Warren sees this sociological shift in residency patterns in an incredibly negative light. He believes that cohabitation is bad for the health and livelihood of the individuals involved. Warren claims that in such situations, children are in much less stable environments. The increasing rate of cohabitation has coincided with increasing rates of children being born and raised illegitimately, or in single parent households.
He proposes the solution on advocating marriage to help alleviate such instability within the American society. Therefore, Warren he suggests that "marriage offers…… [Read More]
Argument from Scripture: God's existence cannot be proven by the presence of the concept of God within the text of the Holy Scriptures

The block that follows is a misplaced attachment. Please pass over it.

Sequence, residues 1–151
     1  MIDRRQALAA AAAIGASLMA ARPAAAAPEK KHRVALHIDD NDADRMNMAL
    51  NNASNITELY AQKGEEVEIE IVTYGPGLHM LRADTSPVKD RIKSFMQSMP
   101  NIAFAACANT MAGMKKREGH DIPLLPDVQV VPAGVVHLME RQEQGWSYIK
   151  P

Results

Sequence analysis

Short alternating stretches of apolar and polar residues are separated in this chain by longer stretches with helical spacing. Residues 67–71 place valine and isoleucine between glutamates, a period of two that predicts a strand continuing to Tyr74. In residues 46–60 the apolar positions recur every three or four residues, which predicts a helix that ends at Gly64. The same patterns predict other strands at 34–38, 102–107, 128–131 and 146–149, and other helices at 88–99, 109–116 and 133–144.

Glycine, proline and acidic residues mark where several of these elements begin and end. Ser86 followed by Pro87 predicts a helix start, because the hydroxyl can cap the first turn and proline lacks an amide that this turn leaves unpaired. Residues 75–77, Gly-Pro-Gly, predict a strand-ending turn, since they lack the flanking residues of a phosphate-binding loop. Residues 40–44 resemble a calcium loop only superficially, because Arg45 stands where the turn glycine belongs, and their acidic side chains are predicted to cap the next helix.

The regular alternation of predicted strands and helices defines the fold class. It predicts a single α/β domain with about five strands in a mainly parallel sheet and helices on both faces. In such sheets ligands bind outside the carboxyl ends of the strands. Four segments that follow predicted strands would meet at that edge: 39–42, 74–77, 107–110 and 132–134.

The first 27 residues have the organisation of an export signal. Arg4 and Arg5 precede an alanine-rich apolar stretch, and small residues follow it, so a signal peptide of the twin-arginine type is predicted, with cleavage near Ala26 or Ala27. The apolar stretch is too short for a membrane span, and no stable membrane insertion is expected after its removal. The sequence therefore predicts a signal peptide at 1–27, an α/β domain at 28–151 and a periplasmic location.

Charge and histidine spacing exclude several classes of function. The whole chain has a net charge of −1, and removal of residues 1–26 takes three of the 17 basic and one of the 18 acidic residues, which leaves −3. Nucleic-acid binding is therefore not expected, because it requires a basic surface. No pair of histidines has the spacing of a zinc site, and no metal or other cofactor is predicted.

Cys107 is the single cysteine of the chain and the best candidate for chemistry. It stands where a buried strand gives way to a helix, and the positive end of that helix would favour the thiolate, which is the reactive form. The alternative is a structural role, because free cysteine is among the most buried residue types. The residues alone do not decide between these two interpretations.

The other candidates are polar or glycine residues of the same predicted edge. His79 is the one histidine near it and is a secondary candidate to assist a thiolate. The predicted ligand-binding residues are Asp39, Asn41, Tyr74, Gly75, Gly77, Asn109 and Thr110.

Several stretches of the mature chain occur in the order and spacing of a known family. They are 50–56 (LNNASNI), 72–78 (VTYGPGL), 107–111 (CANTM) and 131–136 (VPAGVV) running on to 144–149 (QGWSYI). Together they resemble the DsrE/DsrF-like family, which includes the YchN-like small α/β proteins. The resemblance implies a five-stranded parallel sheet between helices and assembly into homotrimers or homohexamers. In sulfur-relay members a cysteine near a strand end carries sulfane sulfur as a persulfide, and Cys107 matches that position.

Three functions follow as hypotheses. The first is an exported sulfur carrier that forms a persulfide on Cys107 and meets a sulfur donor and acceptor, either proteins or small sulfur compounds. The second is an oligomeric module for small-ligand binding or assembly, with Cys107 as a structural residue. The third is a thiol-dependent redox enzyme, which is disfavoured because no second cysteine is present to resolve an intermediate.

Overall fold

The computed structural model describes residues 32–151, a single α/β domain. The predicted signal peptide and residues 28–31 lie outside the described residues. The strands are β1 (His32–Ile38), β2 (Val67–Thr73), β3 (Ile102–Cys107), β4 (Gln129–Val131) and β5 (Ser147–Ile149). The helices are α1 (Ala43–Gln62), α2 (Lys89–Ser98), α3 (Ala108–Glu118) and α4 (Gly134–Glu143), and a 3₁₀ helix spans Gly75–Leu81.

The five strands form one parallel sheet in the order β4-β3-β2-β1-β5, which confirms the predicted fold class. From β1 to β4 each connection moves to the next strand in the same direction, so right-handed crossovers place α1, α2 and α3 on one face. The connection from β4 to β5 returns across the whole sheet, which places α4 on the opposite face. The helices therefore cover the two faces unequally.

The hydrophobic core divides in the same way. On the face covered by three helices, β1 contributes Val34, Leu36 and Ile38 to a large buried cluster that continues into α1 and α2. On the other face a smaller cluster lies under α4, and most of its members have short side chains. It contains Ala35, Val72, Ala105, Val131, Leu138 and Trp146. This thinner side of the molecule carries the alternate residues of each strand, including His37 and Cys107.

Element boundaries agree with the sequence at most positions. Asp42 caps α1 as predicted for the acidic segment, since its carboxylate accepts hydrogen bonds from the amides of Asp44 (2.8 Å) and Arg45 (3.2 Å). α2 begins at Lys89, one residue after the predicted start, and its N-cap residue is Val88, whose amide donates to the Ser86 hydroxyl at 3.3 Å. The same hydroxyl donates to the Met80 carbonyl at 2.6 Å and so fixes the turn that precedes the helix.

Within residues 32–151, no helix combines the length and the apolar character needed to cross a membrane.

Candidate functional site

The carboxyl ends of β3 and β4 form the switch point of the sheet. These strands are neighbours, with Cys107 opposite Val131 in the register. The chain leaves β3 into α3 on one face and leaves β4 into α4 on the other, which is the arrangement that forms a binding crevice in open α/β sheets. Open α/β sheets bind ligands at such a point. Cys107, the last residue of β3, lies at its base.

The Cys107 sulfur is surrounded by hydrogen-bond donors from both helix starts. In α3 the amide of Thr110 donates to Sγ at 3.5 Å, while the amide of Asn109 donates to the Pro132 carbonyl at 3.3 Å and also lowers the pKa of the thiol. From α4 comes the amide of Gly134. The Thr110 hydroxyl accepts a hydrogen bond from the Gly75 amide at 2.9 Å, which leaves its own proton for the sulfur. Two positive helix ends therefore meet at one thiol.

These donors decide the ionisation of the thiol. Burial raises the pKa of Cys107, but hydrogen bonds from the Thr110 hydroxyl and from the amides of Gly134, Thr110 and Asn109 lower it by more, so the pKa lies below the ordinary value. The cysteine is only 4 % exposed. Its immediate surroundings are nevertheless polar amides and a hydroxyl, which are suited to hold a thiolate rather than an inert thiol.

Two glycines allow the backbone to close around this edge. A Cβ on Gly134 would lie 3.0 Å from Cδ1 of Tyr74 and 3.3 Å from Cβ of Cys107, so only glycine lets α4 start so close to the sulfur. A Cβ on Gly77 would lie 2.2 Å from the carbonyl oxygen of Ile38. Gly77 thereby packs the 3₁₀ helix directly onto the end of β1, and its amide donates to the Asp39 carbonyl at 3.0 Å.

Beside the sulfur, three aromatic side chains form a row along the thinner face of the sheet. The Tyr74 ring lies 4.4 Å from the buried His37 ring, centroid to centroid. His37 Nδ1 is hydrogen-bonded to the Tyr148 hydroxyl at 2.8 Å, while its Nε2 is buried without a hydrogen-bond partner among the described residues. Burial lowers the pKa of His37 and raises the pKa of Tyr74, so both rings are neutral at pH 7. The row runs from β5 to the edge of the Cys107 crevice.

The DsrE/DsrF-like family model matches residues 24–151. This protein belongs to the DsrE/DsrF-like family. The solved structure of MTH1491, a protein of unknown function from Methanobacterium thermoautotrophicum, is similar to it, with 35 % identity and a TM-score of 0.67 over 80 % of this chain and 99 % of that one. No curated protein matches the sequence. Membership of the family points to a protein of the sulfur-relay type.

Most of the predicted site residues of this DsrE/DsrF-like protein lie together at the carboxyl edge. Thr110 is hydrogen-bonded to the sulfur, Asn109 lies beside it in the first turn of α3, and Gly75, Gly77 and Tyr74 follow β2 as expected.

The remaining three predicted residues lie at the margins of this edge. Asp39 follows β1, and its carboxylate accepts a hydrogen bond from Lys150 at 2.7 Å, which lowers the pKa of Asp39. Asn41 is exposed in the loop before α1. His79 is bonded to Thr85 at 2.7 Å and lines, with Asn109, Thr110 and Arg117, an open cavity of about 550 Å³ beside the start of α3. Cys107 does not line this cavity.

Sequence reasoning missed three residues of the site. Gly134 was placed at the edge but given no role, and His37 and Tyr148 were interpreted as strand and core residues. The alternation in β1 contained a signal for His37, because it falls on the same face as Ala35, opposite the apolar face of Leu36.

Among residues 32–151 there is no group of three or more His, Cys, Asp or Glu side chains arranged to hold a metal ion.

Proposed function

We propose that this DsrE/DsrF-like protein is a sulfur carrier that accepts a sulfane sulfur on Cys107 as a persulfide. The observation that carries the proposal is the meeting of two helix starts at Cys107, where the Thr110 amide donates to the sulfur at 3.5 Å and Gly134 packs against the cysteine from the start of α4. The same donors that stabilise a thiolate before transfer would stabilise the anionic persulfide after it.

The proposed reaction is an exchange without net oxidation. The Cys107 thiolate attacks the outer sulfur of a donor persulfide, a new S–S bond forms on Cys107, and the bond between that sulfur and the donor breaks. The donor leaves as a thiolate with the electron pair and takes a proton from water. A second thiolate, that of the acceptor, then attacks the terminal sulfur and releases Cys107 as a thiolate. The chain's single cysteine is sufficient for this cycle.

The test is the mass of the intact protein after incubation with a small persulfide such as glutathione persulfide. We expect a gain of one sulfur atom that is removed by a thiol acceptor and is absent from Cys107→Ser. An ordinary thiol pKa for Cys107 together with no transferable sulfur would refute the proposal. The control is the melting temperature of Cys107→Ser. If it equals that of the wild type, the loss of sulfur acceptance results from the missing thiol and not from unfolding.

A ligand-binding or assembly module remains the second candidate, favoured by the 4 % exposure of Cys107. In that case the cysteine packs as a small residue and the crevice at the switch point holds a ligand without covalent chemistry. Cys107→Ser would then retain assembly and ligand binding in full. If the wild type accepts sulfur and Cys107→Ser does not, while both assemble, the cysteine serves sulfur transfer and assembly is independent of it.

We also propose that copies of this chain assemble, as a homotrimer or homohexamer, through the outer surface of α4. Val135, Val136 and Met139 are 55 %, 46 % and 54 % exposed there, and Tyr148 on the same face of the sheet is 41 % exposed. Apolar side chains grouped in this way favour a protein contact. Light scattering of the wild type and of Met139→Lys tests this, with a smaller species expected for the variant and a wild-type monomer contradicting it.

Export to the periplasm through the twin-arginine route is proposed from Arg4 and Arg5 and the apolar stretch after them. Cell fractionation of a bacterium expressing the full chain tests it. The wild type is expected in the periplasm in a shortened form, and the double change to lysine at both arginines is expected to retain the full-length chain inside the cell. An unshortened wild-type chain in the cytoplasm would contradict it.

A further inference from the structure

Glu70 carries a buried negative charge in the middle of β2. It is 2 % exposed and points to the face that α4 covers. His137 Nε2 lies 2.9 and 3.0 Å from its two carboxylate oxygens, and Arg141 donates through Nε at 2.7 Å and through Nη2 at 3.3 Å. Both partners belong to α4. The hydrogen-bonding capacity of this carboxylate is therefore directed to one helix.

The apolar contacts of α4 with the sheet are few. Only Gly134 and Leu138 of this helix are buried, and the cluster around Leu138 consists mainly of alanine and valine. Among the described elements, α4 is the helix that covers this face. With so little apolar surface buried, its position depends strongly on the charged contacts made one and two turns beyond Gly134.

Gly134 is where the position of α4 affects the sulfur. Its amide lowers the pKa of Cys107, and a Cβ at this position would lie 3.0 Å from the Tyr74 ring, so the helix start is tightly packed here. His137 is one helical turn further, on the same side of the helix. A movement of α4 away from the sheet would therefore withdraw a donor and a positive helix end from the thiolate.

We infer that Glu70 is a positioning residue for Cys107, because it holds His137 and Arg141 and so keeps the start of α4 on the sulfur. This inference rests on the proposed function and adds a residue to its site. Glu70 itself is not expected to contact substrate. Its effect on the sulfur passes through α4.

Does God exist? Some would argue that this is the most fundamental question posed by any religion. However, even this assertion is somewhat problematic, since this assumption of God as a unified, theologically cohesive being that intervenes, but sometimes does not intervene in worldly affairs is itself problematic and a cultural construction of the major Western traditions of religious thought. There are those who would appeal to scripture for a proof of God's existence, such as the Catholic theologian and saint Anselm, who said that because scripture and the human mind could conceive of a 'something greater' existing, therefore it must exist. In other words, because the higher ideal of God was recorded in the Bible, filtered through the less perfect collective consciousness of the human animal, some higher being must be manifest, and must be true.